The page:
Like many teenagers, Abdullah Al Zahid spends most of his time holed up in his bedroom in his family's modest Dhaka apartment glued to his computer.
But Zahid, 16, is not checking Facebook or chatting to friends - he's working as a freelance web developer, part of a new wave of young, tech-savvy Bangladeshis who are transforming their country's nascent outsourcing sector.
"There is so much demand for outsourcing, I am struggling to cope. I have to turn down many, many job offers," said Zahid, who earns around $1,000 (Dh3,673) a month from several outsourcing contracts and is his family's main breadwinner.
"Many of my friends are interested in this work. I hope to set up my own office one day and hire other people like me to do more outsourcing," said Zahid, who is still at school and wants to go on to university.
The Bangladesh Association of Software and Information Services (BASIS) estimates there are some 15,000 freelancers like Zahid in Bangladesh doing outsourced work for technology companies from across the globe.
The country also has some 500 registered IT outsourcing companies which collectively employ an additional 20,000 workers.
Compared to neighbouring India, which accounts for around 55 percent of the $3.4 tr global market and employs 2.54 million people directly in the sector, Bangladesh is an outsourcing minnow.
But as outsourcing costs rise in other countries like India, China and the Philippines, impoverished Bangladesh, currently better known for cheap garment exports for top Western brands, may be able to cash in.
"New companies are approaching with new orders now and that's what we need to boost the industry as global IT spending is expected to rise over the next few years," BASIS president Mahboob Zaman told AFP.
"We are just getting entry into the global industry but we have real potential," he said, adding that Bangladesh's low cost labour pool was a key competitive advantage.
The average wage of an outsourced IT sector employee is around $8 per hour in Bangladesh compared to $20 per hour in India and $10 to $15 an hour in the Philippines.
Moreover, Bangladesh has one of the largest and youngest populations in Asia, with 150 million people of whom some 65 percent are under 25, Zaman said.
Last December, leading technology research company Gartner ranked Bangladesh for the first time in its annual list as one of its top 30 countries for IT services outsourcing in 2010 thanks to its low costs and huge labour pool.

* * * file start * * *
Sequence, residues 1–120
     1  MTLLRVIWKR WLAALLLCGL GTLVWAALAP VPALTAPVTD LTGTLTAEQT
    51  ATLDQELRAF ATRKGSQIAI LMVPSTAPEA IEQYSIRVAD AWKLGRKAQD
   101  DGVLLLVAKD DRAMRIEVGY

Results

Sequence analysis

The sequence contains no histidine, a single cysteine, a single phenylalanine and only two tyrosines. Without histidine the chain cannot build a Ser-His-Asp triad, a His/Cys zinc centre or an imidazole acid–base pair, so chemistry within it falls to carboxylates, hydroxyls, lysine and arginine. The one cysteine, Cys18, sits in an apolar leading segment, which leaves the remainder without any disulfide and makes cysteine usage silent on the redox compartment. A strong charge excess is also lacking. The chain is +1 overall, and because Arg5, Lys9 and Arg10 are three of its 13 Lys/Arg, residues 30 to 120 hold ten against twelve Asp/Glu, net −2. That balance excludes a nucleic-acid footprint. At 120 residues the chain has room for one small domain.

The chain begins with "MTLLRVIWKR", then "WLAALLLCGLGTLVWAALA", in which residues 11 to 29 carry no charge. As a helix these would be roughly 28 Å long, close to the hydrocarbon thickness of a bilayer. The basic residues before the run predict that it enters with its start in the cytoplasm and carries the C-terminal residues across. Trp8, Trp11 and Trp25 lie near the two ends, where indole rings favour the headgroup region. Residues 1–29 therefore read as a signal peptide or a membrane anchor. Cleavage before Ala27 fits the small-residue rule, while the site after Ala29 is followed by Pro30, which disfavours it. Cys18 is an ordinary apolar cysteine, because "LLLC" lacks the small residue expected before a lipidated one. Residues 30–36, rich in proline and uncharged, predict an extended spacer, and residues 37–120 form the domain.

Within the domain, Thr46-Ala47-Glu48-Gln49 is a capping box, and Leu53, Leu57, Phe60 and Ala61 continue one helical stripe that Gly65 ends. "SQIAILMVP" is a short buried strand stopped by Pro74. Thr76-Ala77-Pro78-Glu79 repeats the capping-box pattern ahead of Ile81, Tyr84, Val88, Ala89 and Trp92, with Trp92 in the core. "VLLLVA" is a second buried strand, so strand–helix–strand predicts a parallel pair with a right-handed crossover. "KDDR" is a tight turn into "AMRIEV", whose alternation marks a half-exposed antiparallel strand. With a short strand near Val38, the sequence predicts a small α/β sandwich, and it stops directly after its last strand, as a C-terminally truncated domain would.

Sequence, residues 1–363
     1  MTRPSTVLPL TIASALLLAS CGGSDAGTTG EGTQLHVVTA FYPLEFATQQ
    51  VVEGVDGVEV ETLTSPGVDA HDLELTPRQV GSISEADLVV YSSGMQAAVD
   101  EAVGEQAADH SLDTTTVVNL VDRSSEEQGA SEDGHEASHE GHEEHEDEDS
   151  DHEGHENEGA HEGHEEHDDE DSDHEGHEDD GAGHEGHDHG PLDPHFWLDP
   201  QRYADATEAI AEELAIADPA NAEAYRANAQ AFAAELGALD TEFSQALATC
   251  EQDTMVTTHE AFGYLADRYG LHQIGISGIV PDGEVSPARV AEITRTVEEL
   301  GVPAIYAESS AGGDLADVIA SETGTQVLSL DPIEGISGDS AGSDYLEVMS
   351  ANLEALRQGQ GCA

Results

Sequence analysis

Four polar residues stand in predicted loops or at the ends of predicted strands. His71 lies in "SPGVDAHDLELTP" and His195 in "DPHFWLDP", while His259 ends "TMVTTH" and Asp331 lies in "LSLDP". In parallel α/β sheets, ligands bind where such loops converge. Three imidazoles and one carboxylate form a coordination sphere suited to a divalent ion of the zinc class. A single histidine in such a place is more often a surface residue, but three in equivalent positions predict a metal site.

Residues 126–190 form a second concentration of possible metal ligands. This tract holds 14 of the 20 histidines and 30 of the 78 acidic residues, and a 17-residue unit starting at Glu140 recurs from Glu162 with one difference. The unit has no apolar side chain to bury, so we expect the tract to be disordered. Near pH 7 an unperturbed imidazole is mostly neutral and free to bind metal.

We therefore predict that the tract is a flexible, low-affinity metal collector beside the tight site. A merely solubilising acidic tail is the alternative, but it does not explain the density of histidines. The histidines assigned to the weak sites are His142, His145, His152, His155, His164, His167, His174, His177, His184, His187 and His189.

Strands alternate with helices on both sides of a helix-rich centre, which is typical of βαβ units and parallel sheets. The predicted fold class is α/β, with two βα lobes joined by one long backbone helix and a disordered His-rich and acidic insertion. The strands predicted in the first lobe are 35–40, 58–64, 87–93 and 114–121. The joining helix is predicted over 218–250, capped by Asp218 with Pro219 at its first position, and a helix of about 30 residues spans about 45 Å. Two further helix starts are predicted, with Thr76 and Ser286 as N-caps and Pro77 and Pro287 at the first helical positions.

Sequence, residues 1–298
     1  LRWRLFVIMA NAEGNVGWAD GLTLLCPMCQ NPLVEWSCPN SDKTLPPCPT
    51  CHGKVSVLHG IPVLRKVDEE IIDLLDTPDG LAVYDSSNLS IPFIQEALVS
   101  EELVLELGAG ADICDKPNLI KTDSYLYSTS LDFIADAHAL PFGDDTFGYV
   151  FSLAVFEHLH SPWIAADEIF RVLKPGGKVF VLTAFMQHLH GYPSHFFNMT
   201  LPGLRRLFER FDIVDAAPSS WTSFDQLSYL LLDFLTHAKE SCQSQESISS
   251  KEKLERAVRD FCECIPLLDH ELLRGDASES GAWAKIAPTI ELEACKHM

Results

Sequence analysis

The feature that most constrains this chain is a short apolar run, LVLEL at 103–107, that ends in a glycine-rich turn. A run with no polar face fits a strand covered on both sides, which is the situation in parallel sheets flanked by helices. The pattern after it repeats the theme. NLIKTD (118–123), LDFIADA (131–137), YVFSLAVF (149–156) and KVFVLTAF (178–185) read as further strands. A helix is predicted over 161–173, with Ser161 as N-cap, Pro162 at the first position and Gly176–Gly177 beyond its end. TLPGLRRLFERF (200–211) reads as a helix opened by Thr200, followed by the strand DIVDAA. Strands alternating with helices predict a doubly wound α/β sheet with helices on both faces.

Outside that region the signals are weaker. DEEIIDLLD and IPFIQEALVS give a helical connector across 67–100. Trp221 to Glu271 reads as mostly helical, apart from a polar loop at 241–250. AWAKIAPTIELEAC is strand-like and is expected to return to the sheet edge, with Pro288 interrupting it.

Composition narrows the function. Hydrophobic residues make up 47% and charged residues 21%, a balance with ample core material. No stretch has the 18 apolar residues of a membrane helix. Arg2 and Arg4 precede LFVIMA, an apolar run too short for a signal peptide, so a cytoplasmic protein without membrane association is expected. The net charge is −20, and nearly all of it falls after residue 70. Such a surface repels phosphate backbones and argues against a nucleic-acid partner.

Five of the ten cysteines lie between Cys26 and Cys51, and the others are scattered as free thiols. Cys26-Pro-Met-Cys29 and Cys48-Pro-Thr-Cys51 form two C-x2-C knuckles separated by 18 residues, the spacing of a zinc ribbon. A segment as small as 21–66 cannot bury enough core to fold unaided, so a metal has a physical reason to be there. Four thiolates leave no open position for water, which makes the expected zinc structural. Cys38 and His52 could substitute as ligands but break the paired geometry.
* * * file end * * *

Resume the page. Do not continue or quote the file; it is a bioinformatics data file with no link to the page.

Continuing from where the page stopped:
Bangladesh began developing an outsourcing sector in 2004 and it is now worth around $120 million. The country exported some $36 million worth of IT services last year, according to BASIS figures.
The government has declared developing the IT outsourcing industry to be a key priority, which fits with their ongoing campaign to create a "Digital Bangladesh" by 2020.
But there are major challenges which must be addressed before the industry can flourish: Gartner gave Bangladesh a "poor" rating in three vital areas - infrastructure, language skills and data, and intellectual property security.
Poor infrastructure, including frequent power crises and slow and unreliable Internet connections are the most immediate problems for Ahmadul Hoq, president of the Bangladesh Association of Call Centre and Outsourcing (BACCO).
"We have told the government that we need an uninterrupted power supply and a second connection with high bandwidth," Hoq told AFP, adding that progress on these issues was slow.
Bangladesh's businesses have long suffered from an acute power crisis, as plants generate only around 5,000 megawatts of electricity a day, but demand is over 6,000 megawatts and growing at a rate of 500 megawatts a year.
The country has only one submarine Internet cable and desperately needs a second line to prevent frequent disruptions, Hoq said.
"We are connected to submarine cable network SEA-ME-WE-4, which provides an Internet bandwidth of 24 gigabytes, but more speed needed and an alternative connection is essential to woo overseas clients," Hoq said.
The government should also set up IT software parks in the capital Dhaka and at universities across the country to attract more graduates to the sector and ensure the right skills training is available, Hoq said.
For BASIS president Zaman, Bangladesh should aim for its outsourcing service industry to export $500 million worth of services by 2014, a goal he said was within reach.
"Two decades ago, many people could not imagine Bangladesh's garment industry would become the country's highest export earner - but it did. I believe the outsourcing industry has the same potential," Zaman said.
Bangladesh's garment industry accounts for 80 percent of the country's $16-billion-plus of export earnings and employs over three million workers, mostly women.
The country's biggest advantage in terms of outsourcing, Zaman said, is its people - particularly the younger tech-savvy generation who are already helping the sector to take off without any government support.
"Young men like Zahid (the freelance web developer) adapt to new technologies quickly and it is going to be them who will drive the outsourcing industry forward," he said.
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